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Special-needs housing

This content applies to England

This page looks at special-needs housing, specific types of tenancy or licence, and the different possession grounds that apply.

PRPSHs 'special-needs' housing

In addition to the provision of 'general-needs' accommodation, many private registered providers of social housing (PRPSHs), formerly known as registered social landlords (RSLs), provide 'special-needs' housing. This heading covers a wide range of accommodation for an equally wide range of people; however, a common feature of such schemes is more intensive management of the accommodation and specialist support for the residents. The support staff are often employed by a separate voluntary organisation, working in close partnership with the PRPSH, which is itself responsible for the development and maintenance of the properties. In other schemes, the PRPSH fulfils both roles.

Schemes and funding

Special-needs schemes include accommodation for people recovering from a mental illness, ex-offenders, people with learning difficulties or physical disabilities, young homeless people, and refugees. Many PRPSHs also manage sheltered housing for elderly people. The accommodation provided ranges from hostels with shared rooms and single rooms in shared flats and houses, to self-contained flats visited frequently by support staff. Some projects are intended to provide supported accommodation only for a certain period in a tenant's life; once the tenant attains independence, s/he is often able to move on to another form of accommodation. Other projects are intended to provide permanent housing.

Special-needs housing is necessarily expensive. To account for this, increased allowances for PRPSHs are available from the Homes and Community Agency and the National Assembly for Wales - information on grants and funding. In addition, special funding may be provided by other agencies, eg the Home Office, district health authority, National Lottery or charitable funds.

Tenancies and licences

Tenants with special needs may have secure, assured, or assured shorthold tenancies (see the section on Different types of tenancy for more information). Other tenants with special needs are subject to different agreements, which are outlined in the sections below.

Licences

If residents are sharing, or if special caring facilities are required, the resident may have a licence. In some cases the licensees will have the basic protection of the Protection from Eviction Act 1977. Please see the section on Basic protection/excluded occupiers for more information.

Excluded licenses

If the relevant accommodation is a hostel[1] (ie if the accommodation is not separate or self-contained, and board or cooking facilities are provided), and that accommodation is owned by a landlord of a specified type (see the page on Who is an excluded occupier? for a list of public bodies who can grant excluded licences), the resident is an excluded licensee. In this situation, the resident is entitled only to contractual notice. The period of notice is either whatever period has been expressly agreed either in writing or orally or, if there is no agreement, reasonable notice. If a licence fee is paid, then the reasonable notice may be equal to the payment period. It may arguably be longer depending on the facts of the case. The notice can be verbal or written and there is no requirement for a possession order.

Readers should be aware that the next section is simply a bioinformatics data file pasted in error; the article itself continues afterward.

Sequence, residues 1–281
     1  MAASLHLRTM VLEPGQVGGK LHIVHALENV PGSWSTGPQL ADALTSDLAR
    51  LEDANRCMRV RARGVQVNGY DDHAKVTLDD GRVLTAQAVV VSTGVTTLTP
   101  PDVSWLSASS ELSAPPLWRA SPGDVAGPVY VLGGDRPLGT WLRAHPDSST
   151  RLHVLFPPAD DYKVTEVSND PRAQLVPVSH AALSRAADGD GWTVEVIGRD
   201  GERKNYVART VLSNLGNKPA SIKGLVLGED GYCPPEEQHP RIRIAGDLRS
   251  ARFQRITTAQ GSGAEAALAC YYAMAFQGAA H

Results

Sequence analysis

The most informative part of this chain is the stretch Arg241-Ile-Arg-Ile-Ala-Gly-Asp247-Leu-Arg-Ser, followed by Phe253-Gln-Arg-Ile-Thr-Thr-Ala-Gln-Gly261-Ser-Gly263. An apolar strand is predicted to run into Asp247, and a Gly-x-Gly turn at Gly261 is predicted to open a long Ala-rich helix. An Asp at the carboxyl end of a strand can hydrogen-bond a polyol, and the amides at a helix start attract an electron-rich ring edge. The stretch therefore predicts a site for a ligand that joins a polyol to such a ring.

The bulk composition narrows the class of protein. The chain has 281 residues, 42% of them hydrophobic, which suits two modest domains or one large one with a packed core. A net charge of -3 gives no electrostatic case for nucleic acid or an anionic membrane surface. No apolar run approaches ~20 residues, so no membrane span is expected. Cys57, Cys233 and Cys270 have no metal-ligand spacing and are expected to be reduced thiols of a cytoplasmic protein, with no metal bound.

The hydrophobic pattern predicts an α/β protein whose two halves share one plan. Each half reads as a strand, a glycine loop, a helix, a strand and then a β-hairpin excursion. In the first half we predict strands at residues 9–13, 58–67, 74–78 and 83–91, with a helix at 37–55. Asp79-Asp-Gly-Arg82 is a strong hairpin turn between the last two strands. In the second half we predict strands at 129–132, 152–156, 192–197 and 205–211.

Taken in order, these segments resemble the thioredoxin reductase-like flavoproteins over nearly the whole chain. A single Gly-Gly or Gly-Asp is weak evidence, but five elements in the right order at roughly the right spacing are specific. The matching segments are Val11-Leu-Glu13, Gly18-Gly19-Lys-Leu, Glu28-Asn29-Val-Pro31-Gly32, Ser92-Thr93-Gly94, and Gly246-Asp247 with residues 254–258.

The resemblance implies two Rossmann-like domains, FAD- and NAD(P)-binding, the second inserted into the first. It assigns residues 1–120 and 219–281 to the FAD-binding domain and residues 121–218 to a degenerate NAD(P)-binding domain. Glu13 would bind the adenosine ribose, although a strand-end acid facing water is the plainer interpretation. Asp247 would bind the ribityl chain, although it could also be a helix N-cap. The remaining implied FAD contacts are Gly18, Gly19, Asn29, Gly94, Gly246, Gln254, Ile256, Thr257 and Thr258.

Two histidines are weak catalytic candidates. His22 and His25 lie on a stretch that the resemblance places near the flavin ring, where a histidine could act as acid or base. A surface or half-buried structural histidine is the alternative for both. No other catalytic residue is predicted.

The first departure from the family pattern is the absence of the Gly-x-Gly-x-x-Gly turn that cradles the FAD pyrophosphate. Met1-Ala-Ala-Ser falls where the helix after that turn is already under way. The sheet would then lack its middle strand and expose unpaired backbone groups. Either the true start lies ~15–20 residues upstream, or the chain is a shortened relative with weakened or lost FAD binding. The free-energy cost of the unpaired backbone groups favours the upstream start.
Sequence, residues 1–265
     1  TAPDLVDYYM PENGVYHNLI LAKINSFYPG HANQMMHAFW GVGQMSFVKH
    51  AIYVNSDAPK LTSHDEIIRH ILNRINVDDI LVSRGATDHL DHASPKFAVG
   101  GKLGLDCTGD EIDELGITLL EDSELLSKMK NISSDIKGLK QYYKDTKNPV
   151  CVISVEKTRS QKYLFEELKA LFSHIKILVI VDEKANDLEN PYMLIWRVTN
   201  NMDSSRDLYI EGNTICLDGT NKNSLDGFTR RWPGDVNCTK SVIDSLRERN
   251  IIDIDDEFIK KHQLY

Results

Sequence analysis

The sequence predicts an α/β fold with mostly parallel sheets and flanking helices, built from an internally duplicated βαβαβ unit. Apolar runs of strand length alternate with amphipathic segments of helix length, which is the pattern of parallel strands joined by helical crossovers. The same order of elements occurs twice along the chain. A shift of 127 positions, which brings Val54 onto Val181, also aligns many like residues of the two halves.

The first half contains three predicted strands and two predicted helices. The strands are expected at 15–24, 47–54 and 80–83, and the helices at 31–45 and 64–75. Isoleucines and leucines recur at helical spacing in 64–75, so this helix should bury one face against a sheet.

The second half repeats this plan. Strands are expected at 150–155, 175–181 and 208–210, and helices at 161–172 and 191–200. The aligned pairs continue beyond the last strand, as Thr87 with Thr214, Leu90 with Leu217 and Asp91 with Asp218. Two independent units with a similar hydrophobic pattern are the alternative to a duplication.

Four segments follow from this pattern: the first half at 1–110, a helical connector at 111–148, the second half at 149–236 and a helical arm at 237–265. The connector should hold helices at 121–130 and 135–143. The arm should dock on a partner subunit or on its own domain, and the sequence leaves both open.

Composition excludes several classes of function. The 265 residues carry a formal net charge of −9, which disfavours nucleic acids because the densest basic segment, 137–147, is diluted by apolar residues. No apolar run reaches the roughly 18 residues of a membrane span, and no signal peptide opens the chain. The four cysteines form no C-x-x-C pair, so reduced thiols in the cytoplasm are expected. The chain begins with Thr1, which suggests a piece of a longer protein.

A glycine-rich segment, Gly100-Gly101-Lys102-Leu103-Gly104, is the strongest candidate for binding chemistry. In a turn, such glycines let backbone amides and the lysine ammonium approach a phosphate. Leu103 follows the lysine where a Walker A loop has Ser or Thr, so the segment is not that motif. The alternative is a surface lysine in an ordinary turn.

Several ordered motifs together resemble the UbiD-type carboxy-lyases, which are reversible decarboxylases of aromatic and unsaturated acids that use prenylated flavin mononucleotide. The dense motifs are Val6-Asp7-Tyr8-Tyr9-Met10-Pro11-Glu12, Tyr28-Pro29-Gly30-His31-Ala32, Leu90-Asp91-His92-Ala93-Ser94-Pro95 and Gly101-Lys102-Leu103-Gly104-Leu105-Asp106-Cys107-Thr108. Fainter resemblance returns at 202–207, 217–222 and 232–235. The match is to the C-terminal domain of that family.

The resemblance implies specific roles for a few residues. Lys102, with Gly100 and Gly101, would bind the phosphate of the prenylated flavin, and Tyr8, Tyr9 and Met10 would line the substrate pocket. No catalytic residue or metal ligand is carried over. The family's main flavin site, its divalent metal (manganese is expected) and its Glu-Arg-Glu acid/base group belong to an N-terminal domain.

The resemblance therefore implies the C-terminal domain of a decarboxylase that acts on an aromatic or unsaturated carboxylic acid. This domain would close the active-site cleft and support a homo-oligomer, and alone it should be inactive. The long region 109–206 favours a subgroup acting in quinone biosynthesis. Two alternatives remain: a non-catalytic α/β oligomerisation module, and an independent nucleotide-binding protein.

For a further explanation of excluded tenancies and licences, please see the section on Basic protection/excluded occupiers.

Possession and special-needs housing

Possession rules are the same as for general-needs housing, but there are certain cases that have particular relevance to special-needs housing.

Secure tenancies

A secure tenancy may be terminated and possession obtained in certain cases, the following of which have particular relevance to special-needs housing:

  • the property has features that are designed for use by a person with a physical disability and there is no longer a person needing those features living in the property[2]
  • the landlord is a PRPSH that lets properties to tenants who have particular housing needs and there is no longer a person with such needs living in the property[3]
  • the property is used for persons with special needs and is situated near to services or facilities used by those persons, and there is no longer a person with such needs living in the property.[4]

In all cases, reliance on the ground is only possible where suitable alternative accommodation is available and the court considers it reasonable to order possession.

There are no equivalent grounds for assured tenancies, but the court may order possession where suitable alternative accommodation is available and the court considers it reasonable to order possession.[5]

[1] as defined in s.622 Housing Act 1985.

[2] Sch.2, ground 13 Housing Act 1985.

[3] Sch.2, ground 14 Housing Act 1985.

[4] Sch.2, ground 15 Housing Act 1985.

[5] Sch.2, ground 9 Housing Act 1988.

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